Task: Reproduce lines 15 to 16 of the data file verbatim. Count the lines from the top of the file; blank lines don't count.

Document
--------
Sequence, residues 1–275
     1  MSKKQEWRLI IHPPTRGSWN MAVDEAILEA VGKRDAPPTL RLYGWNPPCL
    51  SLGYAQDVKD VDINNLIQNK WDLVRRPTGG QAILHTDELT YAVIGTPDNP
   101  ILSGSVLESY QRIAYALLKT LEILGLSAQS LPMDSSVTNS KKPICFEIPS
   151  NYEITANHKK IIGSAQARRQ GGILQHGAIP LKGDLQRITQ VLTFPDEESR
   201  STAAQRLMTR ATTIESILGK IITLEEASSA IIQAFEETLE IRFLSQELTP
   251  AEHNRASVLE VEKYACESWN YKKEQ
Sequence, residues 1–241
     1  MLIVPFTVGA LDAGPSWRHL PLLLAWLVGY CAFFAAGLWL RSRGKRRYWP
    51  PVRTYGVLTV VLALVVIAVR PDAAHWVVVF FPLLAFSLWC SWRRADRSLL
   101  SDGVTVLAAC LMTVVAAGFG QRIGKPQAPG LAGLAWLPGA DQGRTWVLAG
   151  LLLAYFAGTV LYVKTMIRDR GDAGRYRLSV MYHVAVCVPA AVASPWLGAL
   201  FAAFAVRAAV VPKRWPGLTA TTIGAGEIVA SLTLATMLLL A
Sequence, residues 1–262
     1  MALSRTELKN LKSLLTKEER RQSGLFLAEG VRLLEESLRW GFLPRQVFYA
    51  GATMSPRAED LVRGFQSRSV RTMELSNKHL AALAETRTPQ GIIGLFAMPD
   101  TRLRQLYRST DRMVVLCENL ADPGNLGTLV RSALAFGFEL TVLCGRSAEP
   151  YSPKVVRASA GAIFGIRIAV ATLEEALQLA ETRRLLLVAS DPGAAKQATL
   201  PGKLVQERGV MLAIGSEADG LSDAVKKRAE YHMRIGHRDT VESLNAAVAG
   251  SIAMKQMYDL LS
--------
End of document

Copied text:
     1  MALSRTELKN LKSLLTKEER RQSGLFLAEG VRLLEESLRW GFLPRQVFYA
    51  GATMSPRAED LVRGFQSRSV RTMELSNKHL AALAETRTPQ GIIGLFAMPD